Family, Friends and Fans Mourn Céline Dion's Husband René Angélil at Montreal Wake
Mourners gathered at Montreal's Notre-Dame Basilica to commemorate the music manager
Céline Dion is coping with the loss of her beloved husband René Angélil, followed by the death of her brother just two days later. Click here for the full story, only in PEOPLE.
Family, friends and fans gathered at the Notre-Dame Basilica in Montreal Thursday to mourn René Angélil.
“I understand that my career was in a way his masterpiece, his song, his symphony. The idea of leaving it unfinished would have hurt him terribly,” a quote from Dion read on the program. “I realized that if he ever left us, I would have to continue without him, for him.”
The award-winning singer dressed in all black and accepted hugs and kisses from hundreds of mourners. As classical music softly played over the stereo, she stood with Angélil’s sons Patrick and Jean-Pierre in a receiving line next to her late husband’s open casket.
Earlier in the morning, mourners began lining up outside the Canadian house of worship in 16-degree weather hours before its doors opened at 2 p.m. for the chapel of rest, during which loved ones paid their respects to the beloved Canadian music mainstay.
Fans also waited in front of the basilica, where a large portrait of Angélil was staged, as his close family and friends made their way inside to pay their respects.
PEOPLE spoke to Canadian TV personality and Dion and Angélil’s longtime friend Julie Snyder, who fondly recalled a few of Angélil’s favorite things (like Las Vegas entertainment) and his undying sense of wonder.
“He loved so much to eat and to enjoy the dinner and everything – and to see shows,” Snyder told PEOPLE ahead of the wake. “He would tell me, ‘Do you know we have the chance to be in the first row at Oprah Winfrey?’ When we were at the American Music Awards, ‘Do you realize, Julie, we are in the third row at the American Music Awards? Do you realize we are in the fifth row at the Grammys? Five, it’s my lucky number!’ Every time, he was excited. It’s what I miss the most. I felt that man was younger than me because he was excited like a teenager.”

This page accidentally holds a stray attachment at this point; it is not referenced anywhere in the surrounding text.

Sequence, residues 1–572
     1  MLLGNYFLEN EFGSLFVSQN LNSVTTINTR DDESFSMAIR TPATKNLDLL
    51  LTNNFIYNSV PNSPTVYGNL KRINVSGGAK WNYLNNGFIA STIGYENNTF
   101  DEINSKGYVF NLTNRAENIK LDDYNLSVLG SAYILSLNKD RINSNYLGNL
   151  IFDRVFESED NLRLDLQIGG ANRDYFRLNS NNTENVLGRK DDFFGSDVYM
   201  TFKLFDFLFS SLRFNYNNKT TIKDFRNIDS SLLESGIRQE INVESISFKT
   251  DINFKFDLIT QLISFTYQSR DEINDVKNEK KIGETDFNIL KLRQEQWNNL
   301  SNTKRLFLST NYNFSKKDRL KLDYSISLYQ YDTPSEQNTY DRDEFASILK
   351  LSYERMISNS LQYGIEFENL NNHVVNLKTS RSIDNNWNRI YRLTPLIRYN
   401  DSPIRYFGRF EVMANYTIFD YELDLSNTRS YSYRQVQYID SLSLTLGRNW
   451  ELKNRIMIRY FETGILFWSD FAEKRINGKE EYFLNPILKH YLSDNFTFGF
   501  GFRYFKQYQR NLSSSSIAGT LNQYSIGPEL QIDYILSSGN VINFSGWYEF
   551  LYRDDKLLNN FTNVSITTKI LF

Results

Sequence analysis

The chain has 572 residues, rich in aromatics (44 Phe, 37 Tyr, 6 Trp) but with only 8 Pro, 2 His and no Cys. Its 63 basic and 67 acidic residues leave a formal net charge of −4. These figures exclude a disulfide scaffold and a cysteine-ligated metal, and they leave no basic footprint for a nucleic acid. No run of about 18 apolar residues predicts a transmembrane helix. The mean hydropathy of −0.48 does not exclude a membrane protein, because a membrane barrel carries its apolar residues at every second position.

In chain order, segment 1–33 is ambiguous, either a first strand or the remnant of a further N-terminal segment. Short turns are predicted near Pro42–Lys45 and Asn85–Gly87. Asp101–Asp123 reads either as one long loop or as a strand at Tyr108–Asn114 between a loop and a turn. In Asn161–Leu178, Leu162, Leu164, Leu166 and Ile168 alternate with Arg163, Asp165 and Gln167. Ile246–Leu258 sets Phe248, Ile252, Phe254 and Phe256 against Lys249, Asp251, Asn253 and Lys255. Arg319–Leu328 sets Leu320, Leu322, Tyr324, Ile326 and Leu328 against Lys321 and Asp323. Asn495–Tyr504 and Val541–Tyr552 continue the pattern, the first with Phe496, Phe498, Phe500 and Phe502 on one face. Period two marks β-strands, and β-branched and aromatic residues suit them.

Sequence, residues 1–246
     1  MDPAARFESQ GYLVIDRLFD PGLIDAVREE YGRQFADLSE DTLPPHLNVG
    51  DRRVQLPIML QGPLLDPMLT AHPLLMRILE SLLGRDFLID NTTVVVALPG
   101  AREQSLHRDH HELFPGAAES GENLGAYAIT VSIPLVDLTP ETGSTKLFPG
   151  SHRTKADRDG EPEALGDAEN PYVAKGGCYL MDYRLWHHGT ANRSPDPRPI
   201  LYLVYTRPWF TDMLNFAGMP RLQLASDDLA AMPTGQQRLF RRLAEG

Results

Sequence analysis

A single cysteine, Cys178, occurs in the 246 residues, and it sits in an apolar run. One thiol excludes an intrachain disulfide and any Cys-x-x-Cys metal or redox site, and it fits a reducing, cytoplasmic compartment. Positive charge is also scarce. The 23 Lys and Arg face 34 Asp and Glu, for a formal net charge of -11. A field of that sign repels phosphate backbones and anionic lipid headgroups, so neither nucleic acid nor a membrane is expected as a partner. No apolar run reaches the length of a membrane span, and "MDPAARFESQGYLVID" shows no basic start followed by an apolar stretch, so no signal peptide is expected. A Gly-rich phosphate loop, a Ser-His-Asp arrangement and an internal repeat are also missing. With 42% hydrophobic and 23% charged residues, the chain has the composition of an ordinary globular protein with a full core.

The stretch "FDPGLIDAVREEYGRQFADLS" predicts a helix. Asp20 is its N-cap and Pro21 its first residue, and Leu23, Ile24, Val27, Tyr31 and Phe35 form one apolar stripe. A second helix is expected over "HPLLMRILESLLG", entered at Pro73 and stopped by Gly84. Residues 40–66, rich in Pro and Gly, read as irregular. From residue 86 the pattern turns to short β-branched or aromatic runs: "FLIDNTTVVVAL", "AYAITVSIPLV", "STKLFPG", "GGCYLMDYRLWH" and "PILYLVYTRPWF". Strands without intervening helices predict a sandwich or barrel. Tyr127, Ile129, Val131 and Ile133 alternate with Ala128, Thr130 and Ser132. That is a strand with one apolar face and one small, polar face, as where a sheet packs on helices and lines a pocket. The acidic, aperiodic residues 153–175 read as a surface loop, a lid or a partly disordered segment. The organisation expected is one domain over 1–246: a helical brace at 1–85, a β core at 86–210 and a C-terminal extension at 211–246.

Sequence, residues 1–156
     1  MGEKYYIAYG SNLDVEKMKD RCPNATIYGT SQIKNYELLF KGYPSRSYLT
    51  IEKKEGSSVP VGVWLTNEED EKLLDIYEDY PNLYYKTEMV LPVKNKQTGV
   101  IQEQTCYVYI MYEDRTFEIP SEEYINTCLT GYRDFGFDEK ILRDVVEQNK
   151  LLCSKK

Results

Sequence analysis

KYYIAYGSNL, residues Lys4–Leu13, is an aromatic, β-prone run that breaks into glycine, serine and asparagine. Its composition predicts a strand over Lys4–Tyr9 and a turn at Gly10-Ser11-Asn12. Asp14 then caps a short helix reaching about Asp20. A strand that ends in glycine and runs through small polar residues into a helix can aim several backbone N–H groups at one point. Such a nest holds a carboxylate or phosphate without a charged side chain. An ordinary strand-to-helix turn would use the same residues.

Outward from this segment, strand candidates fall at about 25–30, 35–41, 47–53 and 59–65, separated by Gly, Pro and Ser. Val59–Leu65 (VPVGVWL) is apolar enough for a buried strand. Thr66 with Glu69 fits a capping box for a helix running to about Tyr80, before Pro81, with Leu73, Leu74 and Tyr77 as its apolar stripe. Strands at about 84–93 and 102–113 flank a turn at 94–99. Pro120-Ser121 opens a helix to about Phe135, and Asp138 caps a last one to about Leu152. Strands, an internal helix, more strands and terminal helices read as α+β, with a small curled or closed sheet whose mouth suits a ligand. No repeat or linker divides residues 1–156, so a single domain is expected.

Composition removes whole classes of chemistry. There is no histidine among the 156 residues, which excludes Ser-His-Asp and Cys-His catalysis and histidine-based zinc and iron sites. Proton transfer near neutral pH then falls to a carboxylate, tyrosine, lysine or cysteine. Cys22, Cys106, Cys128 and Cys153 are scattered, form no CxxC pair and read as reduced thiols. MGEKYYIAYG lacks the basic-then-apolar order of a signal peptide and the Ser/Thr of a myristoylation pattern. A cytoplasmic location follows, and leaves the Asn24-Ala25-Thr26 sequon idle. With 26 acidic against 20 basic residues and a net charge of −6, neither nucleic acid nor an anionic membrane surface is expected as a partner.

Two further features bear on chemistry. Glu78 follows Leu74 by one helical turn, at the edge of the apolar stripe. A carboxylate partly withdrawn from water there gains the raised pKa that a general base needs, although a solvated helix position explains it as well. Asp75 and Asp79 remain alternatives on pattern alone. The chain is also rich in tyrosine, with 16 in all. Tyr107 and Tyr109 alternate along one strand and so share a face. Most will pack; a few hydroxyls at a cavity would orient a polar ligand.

Snyder also remembered Angélil’s enduring love and devotion for his wife.
“He was so proud of her. ‘Did you hear Céline last night? Did you see that? She was so great! She hit the note!'” Snyder says. “He was still impressed with Céline. He was still telling me, ‘You know, she’s singing very well.'”
Dion’s talent and success were his biggest points of pride since the beginning, Snyder said.
“The first time she made a big show at the Caesars Palace, before The Colosseum, I was there, and he was so proud to see all the billboards and everything with Céline on it. It was a dream more for him, I think, than for her, the first time,” Snyder told reporters. “Now she’s the queen of the strip, but at that time, he was so excited. He was like a little kid. He was crying in front of the billboard, telling me, ‘Look at that! Look at that!'”
For much more on Dion and Angélil’s love story and how the singer is focusing on the couple’s children, pick up the latest issue of PEOPLE, on newsstands Friday.
The Notre-Dame Basilica – which seats 3,200 at maximum capacity – has been preparing for Angélil’s commemoration. On Wednesday, a maintenance worker was spotted cleaning the pews on the top balcony. And tours of the historic parish, which was founded in 1642, have been put on hold until Saturday.
Angélil’s funeral – which he helped Dion plan before his death – is set for Friday at 3 p.m.